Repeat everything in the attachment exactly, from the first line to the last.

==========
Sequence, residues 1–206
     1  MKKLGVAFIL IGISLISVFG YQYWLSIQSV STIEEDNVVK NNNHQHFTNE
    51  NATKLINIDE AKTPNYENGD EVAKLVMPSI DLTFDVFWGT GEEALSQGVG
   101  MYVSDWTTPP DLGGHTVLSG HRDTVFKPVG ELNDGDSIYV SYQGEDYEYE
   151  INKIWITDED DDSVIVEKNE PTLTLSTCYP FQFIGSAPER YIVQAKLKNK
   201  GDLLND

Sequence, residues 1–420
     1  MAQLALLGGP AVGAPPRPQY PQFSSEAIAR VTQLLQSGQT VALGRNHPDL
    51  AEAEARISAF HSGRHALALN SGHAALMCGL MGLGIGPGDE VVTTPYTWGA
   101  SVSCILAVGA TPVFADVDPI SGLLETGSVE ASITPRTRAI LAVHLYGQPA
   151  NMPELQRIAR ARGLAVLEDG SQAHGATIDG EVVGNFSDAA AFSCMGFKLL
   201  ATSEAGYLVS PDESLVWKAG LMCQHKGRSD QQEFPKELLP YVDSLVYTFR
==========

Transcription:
Sequence, residues 1–206
     1  MKKLGVAFIL IGISLISVFG YQYWLSIQSV STIEEDNVVK NNNHQHFTNE
    51  NATKLINIDE AKTPNYENGD EVAKLVMPSI DLTFDVFWGT GEEALSQGVG
   101  MYVSDWTTPP DLGGHTVLSG HRDTVFKPVG ELNDGDSIYV SYQGEDYEYE
   151  INKIWITDED DDSVIVEKNE PTLTLSTCYP FQFIGSAPER YIVQAKLKNK
   201  GDLLND

Sequence, residues 1–420
     1  MAQLALLGGP AVGAPPRPQY PQFSSEAIAR VTQLLQSGQT VALGRNHPDL
    51  AEAEARISAF HSGRHALALN SGHAALMCGL MGLGIGPGDE VVTTPYTWGA
   101  SVSCILAVGA TPVFADVDPI SGLLETGSVE ASITPRTRAI LAVHLYGQPA
   151  NMPELQRIAR ARGLAVLEDG SQAHGATIDG EVVGNFSDAA AFSCMGFKLL
   201  ATSEAGYLVS PDESLVWKAG LMCQHKGRSD QQEFPKELLP YVDSLVYTFR